Live-action commercials are de rigueur once again. Emma Hall finds out why
The last action hero is making a come-back. The reason seems to be that
filming live ads is much more fun than sitting in a darkened room
wrestling with computer technology. The novelty of fiddling with Harry
and Flame has worn off for many in advertising and film-makers are
finding their challenges in live shoots.
In the current commercial for Lemsip Power+, ‘cloud’, BST-BDDP uses
traditional special effects to create a mushroom cloud erupting from a
steaming red mug. This involved pouring disinfectant into sugar water to
stage a chemical reaction.
Richard Dean, who directed the commercial through Park Village, says:
‘There is a joy about physical effects, the wonderful unexpected luck
that can produce a minor miracle. It’s all about being organic as
opposed to digital.’
The mushroom-cloud effect is almost as old as film itself - the same
technique was used by Cecil B. de Mille in his epic, the Ten
Commandments - and technological advances are still unable to replicate
the excitement and feel of the real thing.
Scaling the Himalayas in the name of a BT corporate ad certainly has no
rival in a Soho studio. Jonathan Greenhalgh, who directed the ‘Hillary’
ad through Saatchi and Saatchi, is wildly enthusiastic about his part in
Greenhalgh says: ‘Live action is the maverick option. You get things
that you would never storyboard and when certain shots work brilliantly,
you want to take your clothes off and run around punching the sky - it
is such a thrill. A pure high.’
Commercials directors, wary of losing out on certain jobs, are reluctant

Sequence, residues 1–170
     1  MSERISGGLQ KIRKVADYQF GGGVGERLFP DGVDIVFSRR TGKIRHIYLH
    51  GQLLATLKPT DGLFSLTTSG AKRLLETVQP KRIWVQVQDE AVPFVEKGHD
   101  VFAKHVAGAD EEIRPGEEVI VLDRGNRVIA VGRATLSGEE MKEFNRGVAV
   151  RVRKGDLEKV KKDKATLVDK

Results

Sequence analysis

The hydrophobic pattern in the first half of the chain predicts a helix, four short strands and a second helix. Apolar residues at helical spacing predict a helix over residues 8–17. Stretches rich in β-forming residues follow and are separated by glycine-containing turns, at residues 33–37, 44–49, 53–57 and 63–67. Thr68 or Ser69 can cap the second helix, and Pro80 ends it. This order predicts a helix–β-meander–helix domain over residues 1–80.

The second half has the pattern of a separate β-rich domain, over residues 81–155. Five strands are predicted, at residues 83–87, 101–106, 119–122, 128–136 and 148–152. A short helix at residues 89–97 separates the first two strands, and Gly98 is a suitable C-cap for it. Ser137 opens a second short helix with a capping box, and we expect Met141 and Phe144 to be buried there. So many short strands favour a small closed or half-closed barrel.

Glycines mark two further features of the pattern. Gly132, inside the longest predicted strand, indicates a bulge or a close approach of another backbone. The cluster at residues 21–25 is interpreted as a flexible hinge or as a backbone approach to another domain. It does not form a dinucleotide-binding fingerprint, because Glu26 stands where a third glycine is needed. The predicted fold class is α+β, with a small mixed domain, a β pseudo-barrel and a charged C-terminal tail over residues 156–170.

to speak of a backlash against post production, but they will all admit
that the mood is veering in that direction.
Howell Henry Chaldecott Lury is widely credited with over-turning flashy
production values and, through campaigns such as Tango and Golden
Wonder, introducing a ‘grunge’ feel, which is still strong in the
James Sinclair, the copywriter on the Lemsip commercial, feels the
market is saturated with ads using sophisticated post production, and
admits that the search is on for something new. He argues: ‘It is like
watching a magician on television - we know it’s on TV so we don’t trust
his tricks. In our business we try to find the reality in products, but
computer-generated images are just another move off into fantasy land.’
Live action can give an integrity to commercials by providing an
antidote to the sterile, glossy, manufactured post-production image. The
straight shoot also puts the onus on narrative and ideas, allowing the
director to take credit for the persuasiveness of the ad.
Richard Dean has a pragmatic view on the attractions of live action
shoots. He says: ‘A director can make a lot more money and get on with
life by moving on from one shoot to the next, rather than being tied up
doing post production for weeks on end.’
Cost, of course, has a large part to play in the making of any
commercial. It is a lot cheaper to pack a crew off to the Himalayas for
a couple of weeks than it is to spend the time creating a film using
phenomenally expensive post-production techniques.
It must also be remembered that post production is not all-powerful.
Landscape is difficult to simulate and the scale of the scenery in the
BT ad, for example, could not have been achieved in a studio.
Daniel Barber was the only director to pitch a live-action solution to
BMP DDB Needham’s script for the pan-European TV campaign for the Sony
Trinitron (left). He wanted to throw a man, clinging to an armchair, out
of a plane and feed off the drama of such a daring stunt. The
alternative, he argues, was to cobble together shots using a wind
machine with footage taken from the air.
When applied liberally, as compensation for the lack of an idea, post
production comes in for particular criticism. Dean says: ‘It gives more
choices, but in a negative sense, because it opens the floodgates for
endless nitpicking. If there is an idea, it inevitably loses its clarity
once the Flame operator, the agency, the editor and the client all get
Post production, he says, is abused when employed as a ‘get-out-of
trouble’ card. But its more general use to enhance images, especially
product shots, is never called into question.
It is at a more fundamental level that directors are rejecting post
production in favour of live action shoots - discarding the predictable
in favour of the thrill of the unknown.